He also has little love at first for the miserable backwater that is Pietrasecca (which of course translates as “dry stone”). Much of the book is made up of his observations of the superstitious, illogical, hidebound, near-consistently ridiculous locals. In time he meets Cristina, the beautiful and soulful daughter of the local aristocratic family, who wants to take the veil but is prevented because her family needs her at home. They enter into a passionate, chaste friendship, and Pietro passes time filling up a notebook with their conversations. But Pietro is, after all, only there to convalesce so he can get back to his activism – plus, since he’s disguised as a priest his actions are necessarily limited (and it’s his nature to be moody and discontent) – and we watch him go through various longueurs in the tiny town. At some point, having quarreled with Cristina, tired of being surrounded by women, and expecting to be called back to Rome to have “some serious discussions with the party,” he seeks out the company of the men of the village. Soon, in a group of locals he encounters a young man “with a rather strange appearance…. A big tuft of hair on his forehead gave him a wild look that contrasted with his eyes, which were those of a tame dog. He took no part in his companions’ jokes and sallies. Don Paolo smiled at him, and he smiled back and moved closer to him.” Encouraged by his seeming intelligence, Don Paolo accompanies the young man to his home, which is “rather like a pigsty” and talks and talks to him about the Russian Revolution. The young man quietly prepares a humble dinner and shares it with the priest (Don Paolo chokes it down “to avoid offending him”). In time the priest’s landlady, Matalena, who thinks his presence in her house will save her from catastrophe and so likes to keep her priest on a tight leash, tracks him down:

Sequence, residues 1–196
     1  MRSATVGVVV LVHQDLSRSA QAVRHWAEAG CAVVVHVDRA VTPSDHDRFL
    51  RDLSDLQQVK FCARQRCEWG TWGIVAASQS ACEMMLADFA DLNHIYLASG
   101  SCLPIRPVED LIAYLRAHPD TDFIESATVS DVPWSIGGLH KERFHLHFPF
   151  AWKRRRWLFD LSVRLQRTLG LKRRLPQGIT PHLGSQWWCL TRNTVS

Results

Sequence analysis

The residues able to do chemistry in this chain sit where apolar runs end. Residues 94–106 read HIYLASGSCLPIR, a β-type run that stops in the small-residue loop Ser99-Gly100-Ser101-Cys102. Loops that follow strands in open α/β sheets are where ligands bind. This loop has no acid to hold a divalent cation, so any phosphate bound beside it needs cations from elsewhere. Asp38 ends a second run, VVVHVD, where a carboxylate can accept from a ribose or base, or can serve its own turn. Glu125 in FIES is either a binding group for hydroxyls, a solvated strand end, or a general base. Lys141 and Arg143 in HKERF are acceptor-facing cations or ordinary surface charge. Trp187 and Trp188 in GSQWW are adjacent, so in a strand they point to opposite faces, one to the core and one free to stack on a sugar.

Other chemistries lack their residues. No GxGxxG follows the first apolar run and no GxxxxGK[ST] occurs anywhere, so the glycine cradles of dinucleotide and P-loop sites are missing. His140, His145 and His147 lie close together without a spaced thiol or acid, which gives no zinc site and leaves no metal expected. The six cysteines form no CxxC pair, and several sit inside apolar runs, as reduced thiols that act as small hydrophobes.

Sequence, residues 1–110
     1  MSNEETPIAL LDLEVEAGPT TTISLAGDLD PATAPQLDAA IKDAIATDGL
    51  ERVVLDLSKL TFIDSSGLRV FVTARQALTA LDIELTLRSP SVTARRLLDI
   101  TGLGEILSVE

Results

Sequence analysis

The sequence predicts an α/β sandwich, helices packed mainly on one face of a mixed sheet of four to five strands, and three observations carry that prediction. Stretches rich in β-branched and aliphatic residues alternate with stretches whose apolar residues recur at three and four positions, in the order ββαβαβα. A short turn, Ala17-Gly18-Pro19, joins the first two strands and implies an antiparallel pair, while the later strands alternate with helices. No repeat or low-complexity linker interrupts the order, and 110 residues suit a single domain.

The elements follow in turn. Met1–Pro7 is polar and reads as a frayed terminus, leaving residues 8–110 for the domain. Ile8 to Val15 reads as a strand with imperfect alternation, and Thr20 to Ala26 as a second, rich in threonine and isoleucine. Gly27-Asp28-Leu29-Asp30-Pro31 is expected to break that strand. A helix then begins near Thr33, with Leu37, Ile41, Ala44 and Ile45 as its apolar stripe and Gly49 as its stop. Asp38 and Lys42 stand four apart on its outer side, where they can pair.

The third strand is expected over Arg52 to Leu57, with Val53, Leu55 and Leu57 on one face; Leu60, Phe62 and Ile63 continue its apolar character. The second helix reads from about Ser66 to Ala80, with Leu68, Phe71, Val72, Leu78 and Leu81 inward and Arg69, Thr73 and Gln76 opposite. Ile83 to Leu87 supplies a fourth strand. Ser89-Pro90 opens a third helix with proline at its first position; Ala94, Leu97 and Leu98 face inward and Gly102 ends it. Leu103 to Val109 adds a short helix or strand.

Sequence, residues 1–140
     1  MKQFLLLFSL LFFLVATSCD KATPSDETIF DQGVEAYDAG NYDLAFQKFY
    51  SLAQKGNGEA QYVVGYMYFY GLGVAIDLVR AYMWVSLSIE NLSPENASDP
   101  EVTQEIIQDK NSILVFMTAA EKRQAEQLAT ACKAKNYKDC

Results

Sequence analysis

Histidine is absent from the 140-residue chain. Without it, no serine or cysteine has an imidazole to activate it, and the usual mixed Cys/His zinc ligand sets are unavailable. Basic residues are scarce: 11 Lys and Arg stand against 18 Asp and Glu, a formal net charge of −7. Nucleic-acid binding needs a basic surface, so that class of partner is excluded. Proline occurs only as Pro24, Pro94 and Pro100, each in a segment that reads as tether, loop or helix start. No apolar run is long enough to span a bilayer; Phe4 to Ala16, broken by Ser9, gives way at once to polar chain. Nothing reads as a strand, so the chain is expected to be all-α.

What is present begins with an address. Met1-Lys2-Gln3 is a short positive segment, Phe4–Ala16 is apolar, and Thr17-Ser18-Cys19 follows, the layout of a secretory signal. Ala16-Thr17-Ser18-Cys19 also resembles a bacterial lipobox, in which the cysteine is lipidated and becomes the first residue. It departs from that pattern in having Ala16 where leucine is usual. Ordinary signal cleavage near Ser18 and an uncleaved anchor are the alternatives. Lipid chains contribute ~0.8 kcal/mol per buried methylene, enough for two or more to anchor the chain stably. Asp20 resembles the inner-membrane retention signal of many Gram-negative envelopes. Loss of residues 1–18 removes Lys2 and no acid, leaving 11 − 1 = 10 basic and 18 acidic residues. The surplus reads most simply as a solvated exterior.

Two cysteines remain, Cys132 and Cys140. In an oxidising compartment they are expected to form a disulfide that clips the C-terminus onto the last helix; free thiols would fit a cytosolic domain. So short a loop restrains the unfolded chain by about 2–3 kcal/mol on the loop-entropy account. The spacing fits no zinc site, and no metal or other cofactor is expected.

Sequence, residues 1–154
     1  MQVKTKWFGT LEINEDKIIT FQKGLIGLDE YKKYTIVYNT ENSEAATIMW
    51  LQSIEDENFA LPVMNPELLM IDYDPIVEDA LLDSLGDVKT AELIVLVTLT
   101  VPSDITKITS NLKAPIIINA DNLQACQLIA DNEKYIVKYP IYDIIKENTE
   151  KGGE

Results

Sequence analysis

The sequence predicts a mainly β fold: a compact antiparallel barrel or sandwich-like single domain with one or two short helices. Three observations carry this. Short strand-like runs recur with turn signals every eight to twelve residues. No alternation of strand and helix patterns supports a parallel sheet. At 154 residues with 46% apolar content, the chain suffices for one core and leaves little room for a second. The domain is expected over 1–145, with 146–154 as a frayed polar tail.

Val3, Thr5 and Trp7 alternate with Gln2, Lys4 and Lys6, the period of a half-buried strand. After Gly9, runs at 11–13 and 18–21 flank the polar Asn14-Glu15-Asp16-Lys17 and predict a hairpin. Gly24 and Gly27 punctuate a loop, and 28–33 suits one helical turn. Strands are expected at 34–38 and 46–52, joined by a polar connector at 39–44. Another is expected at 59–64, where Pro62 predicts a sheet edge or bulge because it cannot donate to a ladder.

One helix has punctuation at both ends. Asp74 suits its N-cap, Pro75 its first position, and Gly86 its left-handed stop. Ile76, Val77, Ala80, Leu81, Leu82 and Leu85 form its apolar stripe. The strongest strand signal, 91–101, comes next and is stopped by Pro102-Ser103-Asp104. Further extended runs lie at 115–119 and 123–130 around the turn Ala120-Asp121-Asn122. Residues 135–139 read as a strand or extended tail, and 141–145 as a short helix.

"Your dinner has been ready for an hour," she said. "I was afraid something happened to you."